A post by David Zahl dealing with the implications of a social science report that finds that tries to engage with optimistic teens turning into disillusioned 30 somethings.
From the report itself:
The researchers can only speculate about why getting older is less fun than ever, but it seems the downturn in happiness among today’s thirtysomethings is the lasting effect of an overly optimistic youth, Twenge said. “This is something I’ve thought about for a while,” she told Science of Us. It’s the natural, if unintended, backfiring of a childhood filled with messages like, You can be anything you want to be!
Soaring expectations, if left unmet, can lead to crushing disappointment; this is the kind of common-sense statement that happens to also be backed up by a raft of psychological research…
From Zahl’s reflections:
When we embrace an inflated anthropology, we set ourselves up for disappointment and confusion, rather than wonder or compassion. For example, a vaunted view of ourselves all but dictates how we will respond to the horrific events that transpired in Paris last week. Empathy is too frightening for what it might say about us, and so we demonize. We classify the perpetrators as completely other–bad as opposed to good, savage as opposed to enlightened, victimizers as opposed to victims–which only furthers the same dehumanization that makes such acts possible in the first place. Perhaps that’s too close to the bone.
Read the whole post at Mockingbird.
The May posting at the OZwords blog features some terms associated with footwear in Australian English language usage.
Nothing too spectacular, with Blunnies, thongs, ugg boots and others being featured.
Probably the best in ‘chewie on your boot’.
I’m probably surprised there weren’t more.
Probably because most of us in Queensland grew up barefoot.
Somehow I found Tanya Riches’ blog a while ago.
The articles reflect a personal perspective on sociological issues in Australian culture and Christianity.
This confronting article about the stories of indigenous women in Australia unfolds remarkable resilience in unthinkable circumstances, and hopes for a culture where the abused will be believed and supported.
The carnations and whistles?
They were Mother’s Day gifts at a church service:
…during a Mothers Day service at Mount Zion Aussie Indigenous Church, women were handed a single carnation flower and a keyring with a light and a whistle. Their pastor, Stephanie Truscott, an animated African American lady, ordered the ushers to pass them to ladies sitting in the pews. She stared over her glasses and down the pulpit yelling, “I don’t want any more calls! Do you get me? You use these! I don’t want any more hospital visits! I can’t bear it any longer!”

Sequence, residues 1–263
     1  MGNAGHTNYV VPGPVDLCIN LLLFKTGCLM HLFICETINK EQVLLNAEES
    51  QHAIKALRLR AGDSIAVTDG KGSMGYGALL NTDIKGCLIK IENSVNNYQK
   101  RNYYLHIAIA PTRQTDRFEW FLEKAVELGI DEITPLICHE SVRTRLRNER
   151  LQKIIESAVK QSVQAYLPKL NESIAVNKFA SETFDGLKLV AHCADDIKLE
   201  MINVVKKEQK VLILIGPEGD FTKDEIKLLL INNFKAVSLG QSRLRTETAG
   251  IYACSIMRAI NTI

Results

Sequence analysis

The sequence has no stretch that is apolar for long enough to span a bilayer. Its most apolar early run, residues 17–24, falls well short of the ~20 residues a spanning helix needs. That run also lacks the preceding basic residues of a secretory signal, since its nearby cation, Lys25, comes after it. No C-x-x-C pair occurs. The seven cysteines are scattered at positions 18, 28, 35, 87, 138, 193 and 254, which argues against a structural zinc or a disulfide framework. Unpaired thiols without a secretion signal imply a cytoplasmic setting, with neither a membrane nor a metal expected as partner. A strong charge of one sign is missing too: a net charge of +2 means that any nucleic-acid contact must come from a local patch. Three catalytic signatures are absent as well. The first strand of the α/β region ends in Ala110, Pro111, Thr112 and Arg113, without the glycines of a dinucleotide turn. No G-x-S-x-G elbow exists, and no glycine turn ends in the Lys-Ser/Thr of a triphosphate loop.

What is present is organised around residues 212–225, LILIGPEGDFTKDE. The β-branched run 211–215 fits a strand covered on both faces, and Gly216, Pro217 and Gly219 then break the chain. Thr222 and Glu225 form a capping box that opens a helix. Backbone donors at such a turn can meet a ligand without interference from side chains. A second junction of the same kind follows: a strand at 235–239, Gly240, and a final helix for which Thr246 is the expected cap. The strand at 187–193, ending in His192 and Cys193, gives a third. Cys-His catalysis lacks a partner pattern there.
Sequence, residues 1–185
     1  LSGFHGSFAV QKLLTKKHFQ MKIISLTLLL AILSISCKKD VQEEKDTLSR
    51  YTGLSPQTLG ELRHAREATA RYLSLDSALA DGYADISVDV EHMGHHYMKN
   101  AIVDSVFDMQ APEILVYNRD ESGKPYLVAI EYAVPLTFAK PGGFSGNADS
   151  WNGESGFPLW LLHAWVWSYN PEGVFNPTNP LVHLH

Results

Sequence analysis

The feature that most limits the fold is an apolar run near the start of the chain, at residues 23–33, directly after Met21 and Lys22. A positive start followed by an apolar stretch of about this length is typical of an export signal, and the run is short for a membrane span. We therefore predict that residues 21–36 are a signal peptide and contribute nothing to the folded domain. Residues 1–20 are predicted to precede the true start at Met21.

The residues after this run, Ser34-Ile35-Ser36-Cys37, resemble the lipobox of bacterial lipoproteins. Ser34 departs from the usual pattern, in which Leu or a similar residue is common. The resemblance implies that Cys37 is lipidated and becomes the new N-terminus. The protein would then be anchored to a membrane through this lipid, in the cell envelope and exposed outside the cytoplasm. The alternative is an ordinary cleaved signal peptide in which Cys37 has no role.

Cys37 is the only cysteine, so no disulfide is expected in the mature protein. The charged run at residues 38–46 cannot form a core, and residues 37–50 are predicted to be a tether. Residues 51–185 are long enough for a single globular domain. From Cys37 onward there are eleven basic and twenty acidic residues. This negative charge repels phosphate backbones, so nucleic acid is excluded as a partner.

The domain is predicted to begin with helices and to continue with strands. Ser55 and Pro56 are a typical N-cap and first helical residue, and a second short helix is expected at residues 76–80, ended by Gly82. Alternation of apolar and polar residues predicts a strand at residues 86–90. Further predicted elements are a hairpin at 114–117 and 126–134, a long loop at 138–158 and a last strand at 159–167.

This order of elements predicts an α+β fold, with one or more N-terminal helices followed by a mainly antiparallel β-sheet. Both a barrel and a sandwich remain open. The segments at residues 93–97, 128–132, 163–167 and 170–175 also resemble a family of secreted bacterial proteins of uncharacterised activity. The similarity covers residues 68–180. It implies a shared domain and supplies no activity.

I compare this to other “gift moments” I’ve seen in churches. Teacups. Miniature shoes. Journals.
Yeah, handing out a pretty little silver key-ring and hoping it might save a woman’s life is pretty sobering.
Read the rest here.
This seems so weird, but is based on the premise of being without company, phone, pen, paper, book, music or anything.
The whole situation stands at odds with the observations about having too much to do or being overloaded with busyness.
The very situation we contend plagues us, we’re actually addicted to.
People apparently can’t last even fifteen minutes totally alone with themselves.
Given the choice they administer electric shocks to themselves just to have something to do.
I wonder how the same experiment would go, but giving people the choice of watching The Bachelor?
Try the fifteen minutes alone thing some time.
Read about the experiment here.
There’s lots of analysis around the internet as well.
Just in case you didn’t know, this post from Today I Found Out provides the origins of the names of Australia’s states and territories, along with their capitals.
I don’t know if they teach Australian geography and history in schools anymore.
Now, if you search around the internet you might find out that the list might not be absolutely complete.
But what is there sounds correct to me.
Including the useful fact that you don’t pronounce Brisbane ‘Brisbane’, and the slightly disappointing fact that Melbourne could have had the much, much cooler name ‘Batmania’.
Posted this back in 2010, but someone else reposted it recently and it is so good.
(Flashmobs seem to have faded away, haven’t they?)
Anyway, in this case it’s not so much a flashmob as a Random Act Of Culture.
The Opera Company Of Philadelphia have continued to perform these, and if you click through to their youtube page there are renditions of Verdi at a Cheesesteak Diner and Mozart in a Library, among others.
While not featuring the massed number here, part of the treat is that each performance seems out of place but finds a home in strange environs.
Now, if you haven’t seen this you’re in for a treat, if you have it’s as good as you remember.